Spin the Globe with Justin Butner

A world citizen may provide value to society by using knowledge acquired across cultural contexts.

The Saga of the Box (pt. 1)

Written 17 April 2013

Five months ago I had just left Australia.

The month leading up to my departure had included a lot of selling, trading, donating, gifting, tossing, and using everything that was still in my possession. It wasn’t a new thing for me, but just as I purged before coming to Oz, so was it time to purge before leaving.

When you can only keep what you carry, your list of things gets smaller. When you have a car to expand into, you acquire. Much of it, including the car, was not going to be leaving the country. But there was a decent pile of things that was. Facing a month of further travel through Singapore and Vietnam, the entire pile wasn’t going to come with me. Some of it must part from my sight and meet up with me later.

Getting everything packaged and ready to ship was an adventure. Or a debacle depending on how you look at it. No place sold a box sturdy enough for shipping that would hold everything I wanted to ship. And that is how, on the morning of my last full day, I found myself at Best Buy (or the Australian equivalent) pleading with the guys on the loading dock to allow me to take a few of the large appliance boxes and the molded Styrofoam packing inserts.

Back at the hostel, the room became a scrap yard. Styrofoam shavings littered the floor. Bubble wrap and Styrofoam peanuts formed flows between piles of stuff to ship, stuff to carry, and stuff of Sam’s. The box had to be cut down to just large enough to fit everything. And given the hack-job of constructing the new box, a slightly larger slip-on top box got constructed as well, to tape in excessive quantities. The boxes were hard to cut, and the sizes weren’t ideal. But everything fit. Somehow. After a couple hours of frantic packing, sorting, constructing, compressing, and securely fastening, the box was sealed.

By my estimation, it was just under 20kg. This was critical as it was the maximum weight that AusPost would accept.

Sam helped me carry the monster down the stairs and across a block and a half, to the post office which was closing in 10 minutes. It was down to the wire despite trying to get this done starting four days earlier. But we had made it. I could feel the burden, both actual and metaphorical, about to be lifted.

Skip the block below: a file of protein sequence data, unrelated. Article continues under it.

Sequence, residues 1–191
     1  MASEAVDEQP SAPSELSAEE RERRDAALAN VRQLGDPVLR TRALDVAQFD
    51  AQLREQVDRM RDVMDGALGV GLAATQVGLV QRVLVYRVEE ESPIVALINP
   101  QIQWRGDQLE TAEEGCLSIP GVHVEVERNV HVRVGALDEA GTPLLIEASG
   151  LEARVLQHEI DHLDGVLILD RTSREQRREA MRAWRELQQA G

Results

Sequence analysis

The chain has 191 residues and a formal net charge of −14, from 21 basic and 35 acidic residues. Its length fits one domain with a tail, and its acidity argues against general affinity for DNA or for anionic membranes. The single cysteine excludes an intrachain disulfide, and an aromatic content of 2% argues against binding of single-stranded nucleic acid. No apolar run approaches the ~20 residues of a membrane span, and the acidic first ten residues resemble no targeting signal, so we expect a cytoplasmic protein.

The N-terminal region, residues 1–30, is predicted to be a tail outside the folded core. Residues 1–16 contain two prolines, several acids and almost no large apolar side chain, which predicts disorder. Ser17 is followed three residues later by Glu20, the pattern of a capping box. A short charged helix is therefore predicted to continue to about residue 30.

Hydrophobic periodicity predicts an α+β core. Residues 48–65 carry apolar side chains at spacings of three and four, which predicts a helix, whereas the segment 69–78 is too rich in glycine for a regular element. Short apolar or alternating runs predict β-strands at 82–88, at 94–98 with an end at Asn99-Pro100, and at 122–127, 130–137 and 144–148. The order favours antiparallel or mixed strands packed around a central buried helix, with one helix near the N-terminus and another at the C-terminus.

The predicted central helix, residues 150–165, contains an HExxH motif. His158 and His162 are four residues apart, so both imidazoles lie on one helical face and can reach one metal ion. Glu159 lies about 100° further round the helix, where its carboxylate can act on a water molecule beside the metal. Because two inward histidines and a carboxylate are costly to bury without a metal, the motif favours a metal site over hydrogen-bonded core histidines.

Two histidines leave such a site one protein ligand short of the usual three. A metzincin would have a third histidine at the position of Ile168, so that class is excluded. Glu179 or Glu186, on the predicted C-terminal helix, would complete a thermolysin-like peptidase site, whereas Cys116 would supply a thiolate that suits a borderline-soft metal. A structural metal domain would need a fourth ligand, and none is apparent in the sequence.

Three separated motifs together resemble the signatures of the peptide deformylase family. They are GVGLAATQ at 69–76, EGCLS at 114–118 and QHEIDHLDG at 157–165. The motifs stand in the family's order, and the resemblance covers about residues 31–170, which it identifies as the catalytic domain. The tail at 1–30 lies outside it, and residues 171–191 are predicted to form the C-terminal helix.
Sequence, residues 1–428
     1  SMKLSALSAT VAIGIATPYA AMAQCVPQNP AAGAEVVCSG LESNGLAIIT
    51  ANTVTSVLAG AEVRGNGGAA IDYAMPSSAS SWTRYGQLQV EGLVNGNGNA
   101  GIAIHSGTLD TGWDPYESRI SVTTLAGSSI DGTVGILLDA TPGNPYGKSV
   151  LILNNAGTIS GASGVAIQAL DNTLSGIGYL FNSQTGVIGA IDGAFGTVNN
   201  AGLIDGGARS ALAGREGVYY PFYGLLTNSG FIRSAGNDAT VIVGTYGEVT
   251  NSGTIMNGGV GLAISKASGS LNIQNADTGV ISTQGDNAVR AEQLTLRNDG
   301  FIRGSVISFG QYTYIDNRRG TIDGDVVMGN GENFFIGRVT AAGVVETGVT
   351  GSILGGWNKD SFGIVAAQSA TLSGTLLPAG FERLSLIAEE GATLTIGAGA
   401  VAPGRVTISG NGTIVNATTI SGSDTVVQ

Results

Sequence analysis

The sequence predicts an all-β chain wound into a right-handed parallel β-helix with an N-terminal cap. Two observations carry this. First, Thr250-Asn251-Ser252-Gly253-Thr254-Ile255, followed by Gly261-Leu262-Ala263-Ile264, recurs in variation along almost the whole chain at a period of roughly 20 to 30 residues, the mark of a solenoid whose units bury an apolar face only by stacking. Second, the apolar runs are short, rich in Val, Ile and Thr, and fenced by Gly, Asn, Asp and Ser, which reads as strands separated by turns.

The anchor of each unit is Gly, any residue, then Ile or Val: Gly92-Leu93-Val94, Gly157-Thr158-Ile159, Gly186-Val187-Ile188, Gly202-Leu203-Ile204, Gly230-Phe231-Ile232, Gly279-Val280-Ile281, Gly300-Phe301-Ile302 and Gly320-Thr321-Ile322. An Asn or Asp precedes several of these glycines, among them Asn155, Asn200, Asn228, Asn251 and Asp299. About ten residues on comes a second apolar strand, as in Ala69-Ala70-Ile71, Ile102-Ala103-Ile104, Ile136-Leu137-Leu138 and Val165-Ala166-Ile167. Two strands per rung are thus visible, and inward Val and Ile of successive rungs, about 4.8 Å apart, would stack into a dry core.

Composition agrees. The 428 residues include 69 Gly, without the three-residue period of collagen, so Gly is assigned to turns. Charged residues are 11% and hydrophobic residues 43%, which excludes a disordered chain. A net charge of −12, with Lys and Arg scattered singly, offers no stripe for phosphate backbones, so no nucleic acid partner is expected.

“19.2 kg.”

Perfect.

“Sir, this package is too big. It exceeds the maximum dimentions by about 30 cm.”

Dead eyes. A car could have blown up outside and I don’t think I would have turned around.

The walk back to the hostel was one of the longer ones I have had to take. The box was twice as heavy. The sense of defeat was palpable. There was no post office at the airport. The only way for me to get the box out myself was to be waiting when they opened the doors at this location tomorrow morning, then sprint to the airport and hope I wasn’t cutting it too close for my international flight out. Any delays and I’d miss it. And it was a guarantee that I would have to see Sam off from the hostel rather than saying my goodbyes at the airport. I’d have the last few hours in the country without any feeling of success. I would be sweaty, stressing, and sad. I would leave on a kick to the ribs rather than with a kiss goodbye.

The repackaging process was a slow one. Hacking the box down. Making more of a mess. Sorting out which things Sam could ship to me from Sydney to get everything else into the right dimensions. It came together eventually, in a way. I brought the box to the owner of the hostel. I asked him where one of the guests I knew was and explained why. “Ah don’t worry ‘bout that. We’ll ship it. I gotta run to the post office on Monday anyway.”

I confirmed. I left them my address. I left them my credit card info. I left them shipping requirements. Insurance – at least $2000. Tracking. Signature on delivery. And I left them a box containing a few camera lenses, my journal, souveniers, gifts, and Aboriginal art.

There are times when you put your faith in others. You accept that no solution is perfect and so you choose one you have no control over in exchange for some other good (like making a flight, or being there for a loved one). You trust in the goodness of man and the mechanics of the universe and karma.

There are times when your faith is not rewarded.

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This entry was posted on April 25, 2013 by in Australia, Victoria (Melbourne).

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